So President Jefferson, never one in favor of manufacturing and trade, got Congress to pass an embargo which forbade any American ship from going to any foreign port. In the world. This made the merchants in New England mad, since their manufactures had nowhere to go. Even after the"Dambargo" was repealed and replaced by other measures such as the Non-Intercourse Act and Macon's Bill No. 2, they felt harmed by the Republican-controlled government's economic decisions. When war broke out, the predominantly Federalist New England merchants were so mad about not being able to trade with the British that they almost seceded in the winter of 1814-1815.
When war broke out in 1812, things did not look good. We invaded Canada, but had to retreat to Detroit. Chicago (then known as Fort Dearborn) was lost to Indian attack, which laid the groundwork for Chicago being the center of the universe when it comes to snatching defeat out of the jaws of victory in baseball. The US won some naval battles in the early weeks of the war, but then the British navy seized the upper hand. We did do well in naval battles on the Great Lakes. We managed to kill Tecumseh, an Indian ally of the British who had been promoting a pan-Indian confederation against us, at the Battle of the Thames in 1813. Down South, Gen'r'l Andy Jackson put down a Creek uprising and marched toward New Orleans.
But in August, 1814, the British invaded near Washington, DC. Washington was put to the torch by the British in retaliation for our burning of the Canadian capital of York, and then the invading force moved to Baltimore. But Baltimore was ready. American ships blockaded the entry to Baltimore's harbor, so the British had to lob artillery from a distance.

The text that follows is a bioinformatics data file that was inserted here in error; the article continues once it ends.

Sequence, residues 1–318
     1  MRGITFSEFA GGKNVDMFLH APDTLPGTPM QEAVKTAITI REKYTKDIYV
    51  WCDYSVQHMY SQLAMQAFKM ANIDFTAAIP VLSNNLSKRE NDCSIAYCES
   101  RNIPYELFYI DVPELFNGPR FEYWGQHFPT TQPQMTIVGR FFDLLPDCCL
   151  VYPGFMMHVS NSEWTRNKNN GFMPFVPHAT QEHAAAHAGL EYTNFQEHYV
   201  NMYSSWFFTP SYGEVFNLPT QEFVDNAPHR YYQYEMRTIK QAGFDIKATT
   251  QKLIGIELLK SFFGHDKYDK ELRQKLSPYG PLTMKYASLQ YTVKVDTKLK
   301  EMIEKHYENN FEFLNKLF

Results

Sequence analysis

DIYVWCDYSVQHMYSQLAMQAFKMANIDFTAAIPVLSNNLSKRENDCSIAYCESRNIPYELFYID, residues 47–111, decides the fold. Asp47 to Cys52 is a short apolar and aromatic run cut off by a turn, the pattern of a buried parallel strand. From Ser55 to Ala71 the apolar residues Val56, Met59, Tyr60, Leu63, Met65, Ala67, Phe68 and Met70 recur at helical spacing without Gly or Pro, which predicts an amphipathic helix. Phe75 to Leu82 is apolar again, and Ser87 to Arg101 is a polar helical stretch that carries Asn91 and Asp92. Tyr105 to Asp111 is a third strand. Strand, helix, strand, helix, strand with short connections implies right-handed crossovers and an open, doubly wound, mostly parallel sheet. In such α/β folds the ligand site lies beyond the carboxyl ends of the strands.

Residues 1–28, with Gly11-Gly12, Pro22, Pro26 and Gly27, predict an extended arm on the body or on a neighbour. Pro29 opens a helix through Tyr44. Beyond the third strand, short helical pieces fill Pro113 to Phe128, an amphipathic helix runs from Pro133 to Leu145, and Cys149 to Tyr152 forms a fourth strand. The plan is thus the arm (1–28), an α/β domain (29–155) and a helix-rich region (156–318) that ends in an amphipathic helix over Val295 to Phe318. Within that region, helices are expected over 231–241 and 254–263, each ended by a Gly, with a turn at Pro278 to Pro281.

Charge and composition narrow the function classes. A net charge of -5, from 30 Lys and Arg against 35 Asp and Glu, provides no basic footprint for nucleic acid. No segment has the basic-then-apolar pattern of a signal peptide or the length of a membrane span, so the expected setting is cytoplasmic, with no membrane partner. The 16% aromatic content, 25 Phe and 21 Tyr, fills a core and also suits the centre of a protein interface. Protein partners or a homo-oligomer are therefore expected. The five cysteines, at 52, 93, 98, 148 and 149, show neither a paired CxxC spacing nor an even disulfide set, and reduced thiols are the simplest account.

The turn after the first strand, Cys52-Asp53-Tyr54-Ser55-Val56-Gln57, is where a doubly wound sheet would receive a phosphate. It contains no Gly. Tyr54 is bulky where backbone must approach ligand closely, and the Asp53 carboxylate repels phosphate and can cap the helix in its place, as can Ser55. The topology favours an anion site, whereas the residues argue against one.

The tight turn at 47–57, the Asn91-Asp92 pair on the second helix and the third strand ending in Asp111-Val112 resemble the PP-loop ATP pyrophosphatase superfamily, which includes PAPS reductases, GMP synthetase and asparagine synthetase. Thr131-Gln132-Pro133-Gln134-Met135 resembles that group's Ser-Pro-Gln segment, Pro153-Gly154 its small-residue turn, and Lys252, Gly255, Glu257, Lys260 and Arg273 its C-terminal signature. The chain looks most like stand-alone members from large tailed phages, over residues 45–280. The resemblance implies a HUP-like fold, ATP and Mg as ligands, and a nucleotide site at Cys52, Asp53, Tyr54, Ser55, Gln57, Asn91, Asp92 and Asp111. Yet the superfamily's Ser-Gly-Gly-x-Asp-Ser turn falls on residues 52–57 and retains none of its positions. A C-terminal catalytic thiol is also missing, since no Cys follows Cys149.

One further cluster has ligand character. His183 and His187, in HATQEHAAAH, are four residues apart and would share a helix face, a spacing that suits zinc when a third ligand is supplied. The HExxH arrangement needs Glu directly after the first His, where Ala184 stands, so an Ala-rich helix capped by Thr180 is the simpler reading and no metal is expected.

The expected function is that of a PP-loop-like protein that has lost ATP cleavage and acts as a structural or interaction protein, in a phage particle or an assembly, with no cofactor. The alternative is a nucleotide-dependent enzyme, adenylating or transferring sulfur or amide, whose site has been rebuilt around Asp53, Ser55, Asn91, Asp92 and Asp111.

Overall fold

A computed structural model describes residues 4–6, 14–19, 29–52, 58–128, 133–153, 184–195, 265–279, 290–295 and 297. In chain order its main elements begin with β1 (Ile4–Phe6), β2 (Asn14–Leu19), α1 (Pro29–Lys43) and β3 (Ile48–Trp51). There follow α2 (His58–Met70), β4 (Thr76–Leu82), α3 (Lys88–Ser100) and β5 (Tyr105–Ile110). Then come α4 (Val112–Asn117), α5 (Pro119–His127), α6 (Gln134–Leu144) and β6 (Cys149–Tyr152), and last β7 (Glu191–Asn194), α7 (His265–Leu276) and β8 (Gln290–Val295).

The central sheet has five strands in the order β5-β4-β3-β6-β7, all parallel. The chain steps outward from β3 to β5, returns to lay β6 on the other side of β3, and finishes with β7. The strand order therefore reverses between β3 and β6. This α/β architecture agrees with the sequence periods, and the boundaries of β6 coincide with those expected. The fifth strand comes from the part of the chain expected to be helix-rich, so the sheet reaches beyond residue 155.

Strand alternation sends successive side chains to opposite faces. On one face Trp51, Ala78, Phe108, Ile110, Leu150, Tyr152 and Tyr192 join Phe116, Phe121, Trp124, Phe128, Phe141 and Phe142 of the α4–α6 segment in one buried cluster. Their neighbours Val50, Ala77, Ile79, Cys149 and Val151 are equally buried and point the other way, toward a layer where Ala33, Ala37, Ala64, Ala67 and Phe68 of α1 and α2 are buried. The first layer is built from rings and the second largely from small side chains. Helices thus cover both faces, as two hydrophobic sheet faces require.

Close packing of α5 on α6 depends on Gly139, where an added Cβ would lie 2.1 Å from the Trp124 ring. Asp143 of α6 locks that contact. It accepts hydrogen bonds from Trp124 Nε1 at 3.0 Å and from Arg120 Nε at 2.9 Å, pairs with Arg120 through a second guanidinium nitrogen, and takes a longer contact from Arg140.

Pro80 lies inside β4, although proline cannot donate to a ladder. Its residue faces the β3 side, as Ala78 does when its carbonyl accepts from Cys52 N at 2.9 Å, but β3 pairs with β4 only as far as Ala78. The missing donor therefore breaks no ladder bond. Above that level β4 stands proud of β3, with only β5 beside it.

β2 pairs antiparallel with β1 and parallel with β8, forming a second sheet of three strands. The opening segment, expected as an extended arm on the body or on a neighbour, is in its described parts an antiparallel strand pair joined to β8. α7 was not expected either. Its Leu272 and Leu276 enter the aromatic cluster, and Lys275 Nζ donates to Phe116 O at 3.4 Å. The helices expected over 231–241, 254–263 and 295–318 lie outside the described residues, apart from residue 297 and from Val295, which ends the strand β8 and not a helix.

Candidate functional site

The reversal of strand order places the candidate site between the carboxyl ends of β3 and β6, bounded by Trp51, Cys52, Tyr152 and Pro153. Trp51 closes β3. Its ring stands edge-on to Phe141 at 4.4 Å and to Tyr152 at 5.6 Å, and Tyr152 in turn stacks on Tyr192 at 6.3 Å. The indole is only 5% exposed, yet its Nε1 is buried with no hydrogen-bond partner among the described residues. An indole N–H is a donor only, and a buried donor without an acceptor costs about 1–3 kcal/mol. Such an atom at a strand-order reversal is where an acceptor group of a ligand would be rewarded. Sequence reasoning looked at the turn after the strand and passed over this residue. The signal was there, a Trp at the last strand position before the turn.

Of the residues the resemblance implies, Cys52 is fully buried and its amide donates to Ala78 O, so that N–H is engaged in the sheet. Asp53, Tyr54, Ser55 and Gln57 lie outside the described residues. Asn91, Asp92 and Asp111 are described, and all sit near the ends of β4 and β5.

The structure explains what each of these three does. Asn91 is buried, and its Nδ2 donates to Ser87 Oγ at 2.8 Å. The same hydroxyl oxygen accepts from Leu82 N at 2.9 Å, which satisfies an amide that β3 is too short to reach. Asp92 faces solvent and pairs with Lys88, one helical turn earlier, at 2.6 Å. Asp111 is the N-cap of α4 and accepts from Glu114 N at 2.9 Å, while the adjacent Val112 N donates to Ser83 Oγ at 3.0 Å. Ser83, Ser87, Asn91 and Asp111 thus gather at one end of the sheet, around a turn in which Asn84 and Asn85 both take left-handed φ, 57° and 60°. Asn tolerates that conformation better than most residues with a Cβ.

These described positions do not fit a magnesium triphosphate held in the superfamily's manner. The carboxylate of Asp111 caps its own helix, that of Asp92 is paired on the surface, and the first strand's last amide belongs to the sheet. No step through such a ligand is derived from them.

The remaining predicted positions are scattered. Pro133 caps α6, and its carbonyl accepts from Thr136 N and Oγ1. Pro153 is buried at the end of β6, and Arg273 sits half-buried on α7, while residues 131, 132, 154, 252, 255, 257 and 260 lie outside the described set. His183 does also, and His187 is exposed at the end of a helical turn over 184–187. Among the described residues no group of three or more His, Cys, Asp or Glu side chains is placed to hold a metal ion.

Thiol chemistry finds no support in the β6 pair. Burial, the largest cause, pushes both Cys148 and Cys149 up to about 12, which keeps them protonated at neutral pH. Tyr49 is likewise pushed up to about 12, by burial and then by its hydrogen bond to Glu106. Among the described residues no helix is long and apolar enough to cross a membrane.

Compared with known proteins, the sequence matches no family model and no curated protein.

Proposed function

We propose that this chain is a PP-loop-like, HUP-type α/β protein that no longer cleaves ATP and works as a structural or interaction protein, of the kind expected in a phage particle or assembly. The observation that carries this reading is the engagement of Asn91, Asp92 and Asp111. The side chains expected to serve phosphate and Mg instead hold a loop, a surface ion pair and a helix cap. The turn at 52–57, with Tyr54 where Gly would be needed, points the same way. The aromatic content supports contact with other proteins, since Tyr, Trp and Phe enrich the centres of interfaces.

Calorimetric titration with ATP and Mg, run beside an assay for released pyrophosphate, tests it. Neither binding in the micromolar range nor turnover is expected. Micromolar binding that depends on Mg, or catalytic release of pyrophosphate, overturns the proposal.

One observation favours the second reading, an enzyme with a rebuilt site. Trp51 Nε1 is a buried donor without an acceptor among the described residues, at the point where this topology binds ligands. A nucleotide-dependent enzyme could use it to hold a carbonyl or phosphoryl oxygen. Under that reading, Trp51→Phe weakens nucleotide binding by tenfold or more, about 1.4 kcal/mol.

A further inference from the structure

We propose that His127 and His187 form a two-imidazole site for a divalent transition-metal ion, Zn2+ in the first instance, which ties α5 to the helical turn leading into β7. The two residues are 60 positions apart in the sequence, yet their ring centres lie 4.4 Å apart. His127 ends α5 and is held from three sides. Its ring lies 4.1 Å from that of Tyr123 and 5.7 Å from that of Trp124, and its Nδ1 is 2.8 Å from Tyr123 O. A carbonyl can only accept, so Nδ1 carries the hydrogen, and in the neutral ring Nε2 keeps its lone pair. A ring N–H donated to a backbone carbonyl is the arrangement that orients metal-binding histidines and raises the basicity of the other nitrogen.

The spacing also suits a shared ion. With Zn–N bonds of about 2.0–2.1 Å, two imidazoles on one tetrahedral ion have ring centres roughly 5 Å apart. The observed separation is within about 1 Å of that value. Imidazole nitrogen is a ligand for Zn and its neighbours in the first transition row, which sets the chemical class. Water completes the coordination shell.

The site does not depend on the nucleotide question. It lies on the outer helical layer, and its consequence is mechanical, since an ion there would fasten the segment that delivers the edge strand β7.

"The Star Spangled Banner" was written during the Battle of Fort McHenry in Baltimore during this seige. Francis Scott Key, a Baltimore lawyer, had negotiated the release of an acquaintance from the custody of the British but had been refused permission to return to Baltimore due to the knowledge he and his party had of British strength and its upcoming attack on Baltimore. The war seemed desperate, and many hopes failed in the face of British successes and humiliations. Scott feared that the Fort could not withstand the long attack.
His fears were assuaged after the more than twenty-four hour battle when he saw the flag still flying over Fort McHenry. His poem, entitled "The Defense of Fort McHenry" was later renamed "The Star Spangled Banner," set to music -- yes, a drinking song-- and adopted as the national anthem under Woodrow Wilson's administration.
***Update: More fascinating info can be found at the always charming elementaryhistoryteacher's place!